On Tuesday, January 7, a California court rejected a motion for class certification in Astiana v. Ben & Jerry’s Homemade, Inc., No. 10-4387, 2014 WL 60097 (N.D. Cal. Jan. 7, 2014), primarily on grounds that the proposed class was insufficiently ascertainable and common questions did not predominate over individual issues. The plaintiff, Skye Astiana, had filed a putative class action on behalf of purchasers of any Ben & Jerry’s product that contained alkalized cocoa and was also labeled “all natural.” Ms. Astiana alleged the “all natural” label was misleading to the extent that the cocoa was alkalized with a synthetic agent.
The court found that the class was not sufficiently ascertainable because Ben & Jerry’s used several alkalis—some of which were synthetic and some of which were natural—and the plaintiffs had not identified a method for determining which class members bought ice cream manufactured with synthetic alkalis. Ben & Jerry’s suppliers could not determine which shipments of cocoa they supplied to Ben & Jerry’s were alkalized with synthetic substances. Moreover, Ben & Jerry’s is a wholesaler and did not have records of the specific products purchased by consumers. Because the plaintiffs could not overcome these facts to identify a method of determining who belonged in the class, the court ruled that the class was not ascertainable.
The court also ruled that common questions did not predominate because the plaintiffs failed to offer a model capable of measuring damages across the entire class. The plaintiffs argued that a damages model was not necessary and damages could be calculated based on Ben & Jerry’s profits from the ice cream with synthetic alkalis. The defendants countered with expert testimony demonstrating that Ben & Jerry’s wholesale customers did not pay more for ice cream labeled “all natural” than it did for ice cream without such a label. The court concluded that the plaintiffs were required to introduce evidence that customers paid a premium for “all natural” ice cream because the plaintiffs are required to tie their damages to the allegedly unlawful practice. Because the plaintiffs could not show that customers paid more for ice cream based on the allegedly false statement that it was “all natural,” the plaintiffs could not measure damages and common questions did not predominate.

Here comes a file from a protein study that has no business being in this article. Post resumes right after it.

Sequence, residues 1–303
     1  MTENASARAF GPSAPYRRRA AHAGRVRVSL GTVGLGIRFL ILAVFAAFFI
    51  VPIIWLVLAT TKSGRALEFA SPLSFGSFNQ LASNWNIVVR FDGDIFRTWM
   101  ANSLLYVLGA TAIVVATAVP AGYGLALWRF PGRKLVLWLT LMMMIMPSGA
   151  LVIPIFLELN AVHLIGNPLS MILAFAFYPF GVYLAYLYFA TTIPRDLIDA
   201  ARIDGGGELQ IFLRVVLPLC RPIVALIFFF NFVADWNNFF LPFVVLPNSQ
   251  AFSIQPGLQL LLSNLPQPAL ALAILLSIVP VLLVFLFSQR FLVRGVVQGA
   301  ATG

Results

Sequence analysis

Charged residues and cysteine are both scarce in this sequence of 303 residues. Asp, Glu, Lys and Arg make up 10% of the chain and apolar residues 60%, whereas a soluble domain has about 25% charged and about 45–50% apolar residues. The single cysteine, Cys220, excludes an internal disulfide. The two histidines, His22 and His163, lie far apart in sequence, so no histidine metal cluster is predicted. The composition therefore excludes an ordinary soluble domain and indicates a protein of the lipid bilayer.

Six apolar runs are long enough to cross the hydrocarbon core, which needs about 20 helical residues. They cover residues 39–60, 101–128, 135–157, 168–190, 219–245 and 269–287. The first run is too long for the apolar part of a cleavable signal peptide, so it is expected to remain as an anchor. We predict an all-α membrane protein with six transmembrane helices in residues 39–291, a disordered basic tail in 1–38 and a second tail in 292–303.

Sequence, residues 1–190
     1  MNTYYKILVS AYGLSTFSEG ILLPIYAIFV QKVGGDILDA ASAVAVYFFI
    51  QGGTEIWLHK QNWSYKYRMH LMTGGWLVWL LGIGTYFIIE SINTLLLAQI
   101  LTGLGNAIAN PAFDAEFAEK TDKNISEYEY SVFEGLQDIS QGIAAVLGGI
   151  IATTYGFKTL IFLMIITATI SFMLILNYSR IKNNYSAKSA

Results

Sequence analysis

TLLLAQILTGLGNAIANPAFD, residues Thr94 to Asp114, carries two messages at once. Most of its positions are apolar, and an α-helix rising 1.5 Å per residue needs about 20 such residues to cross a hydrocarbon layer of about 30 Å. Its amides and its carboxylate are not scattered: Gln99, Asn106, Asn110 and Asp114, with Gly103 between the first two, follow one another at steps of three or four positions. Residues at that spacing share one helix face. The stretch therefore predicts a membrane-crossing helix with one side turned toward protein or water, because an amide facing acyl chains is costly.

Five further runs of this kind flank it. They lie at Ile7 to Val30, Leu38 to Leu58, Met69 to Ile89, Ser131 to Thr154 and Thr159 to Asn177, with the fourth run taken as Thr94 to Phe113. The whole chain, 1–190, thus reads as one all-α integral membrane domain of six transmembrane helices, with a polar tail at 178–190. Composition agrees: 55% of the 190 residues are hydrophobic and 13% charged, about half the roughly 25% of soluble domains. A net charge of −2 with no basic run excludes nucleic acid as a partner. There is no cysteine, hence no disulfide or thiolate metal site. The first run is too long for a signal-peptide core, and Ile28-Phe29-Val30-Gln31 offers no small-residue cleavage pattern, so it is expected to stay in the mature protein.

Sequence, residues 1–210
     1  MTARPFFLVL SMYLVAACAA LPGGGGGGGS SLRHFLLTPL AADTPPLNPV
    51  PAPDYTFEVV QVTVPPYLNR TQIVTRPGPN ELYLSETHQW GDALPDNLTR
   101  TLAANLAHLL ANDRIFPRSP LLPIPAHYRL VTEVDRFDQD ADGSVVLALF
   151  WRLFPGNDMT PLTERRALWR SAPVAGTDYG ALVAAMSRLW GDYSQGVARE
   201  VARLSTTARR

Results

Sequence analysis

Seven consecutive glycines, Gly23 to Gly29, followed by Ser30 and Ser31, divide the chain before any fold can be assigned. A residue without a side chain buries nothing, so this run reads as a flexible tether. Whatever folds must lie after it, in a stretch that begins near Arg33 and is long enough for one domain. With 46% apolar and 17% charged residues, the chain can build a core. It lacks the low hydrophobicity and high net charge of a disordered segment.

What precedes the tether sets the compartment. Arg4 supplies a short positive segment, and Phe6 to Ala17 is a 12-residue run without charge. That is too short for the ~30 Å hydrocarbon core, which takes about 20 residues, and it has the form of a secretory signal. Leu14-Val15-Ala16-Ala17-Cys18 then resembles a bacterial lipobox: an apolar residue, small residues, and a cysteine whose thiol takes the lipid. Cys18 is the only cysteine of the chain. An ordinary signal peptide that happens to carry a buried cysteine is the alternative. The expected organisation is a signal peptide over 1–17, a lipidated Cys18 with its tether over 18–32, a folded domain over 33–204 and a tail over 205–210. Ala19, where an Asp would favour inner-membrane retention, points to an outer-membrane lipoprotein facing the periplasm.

While the plaintiffs generally have been successful in defeating motions to dismiss food labeling class actions, they are met with more mixed results at the summary judgment and class certification stages. The Ben & Jerry’s decision is in line with decisions from other jurisdictions denying certification of food labeling claims, including a decision from the Third Circuit that also denied certification on ascertainability grounds.  Given this trend, businesses should consider incurring the costs of discovery and challenging the plaintiffs’ attempt to certify a class in food labeling class actions. Many of these cases involve low-cost products for which customers are unlikely to retain proof of their purchases and defendants will therefore have a strong argument that class members cannot be identified and a class should not be certified.
Drinker Biddle’s Consumer Class Action Group has a long record of helping companies overcome the exceptional challenges posed by class actions and avoiding the liabilities they bring. If you have any questions about this decision and how it may affect your business, please contact Richard E. Coe at (215) 988-3393 or Richard.Coe dbr.com, or Zoë K. Wilhelm at (310) 203-4034 or Zoe.Wilhelm dbr.com.
 Carrera v. Bayer Corp., 727 F.3d 300, 307 (3d Cir. 2013) (denying certification on ascertainability grounds); McManus v. Sturm Foods, Inc., 292 F.R.D. 606, 620 (S.D. Ill. 2013) (denying certification on predominance and ascertainability grounds); Ries v. Arizona Beverages USA, LLC, No. 10-1139, 2013 U.S. Dist. LEXIS 46013 (N.D. Cal. Mar. 28, 2013) (denying certification primarily because plaintiffs failed to rebut defendant’s expert testimony); Red v. Kraft Foods, Inc., No. 10-1028, 2012 U.S. Dist. LEXIS 164461 (N.D. Cal. Oct. 25, 2012) (denying certification on ascertainability grounds); but see Thurston v. Bear Naked, Inc., No. 11-2890, 2013 U.S. Dist. LEXIS 151490 (S.D. Cal. July 30, 2013) (Huff, J.) (certifying class and rejecting ascertainability and damages arguments); Astiana v. Kashi Co., 291 F.R.D. 493, 500 (S.D. Cal. 2013) (Huff, J.) (denying certification in opinion nearly identical to Thurston).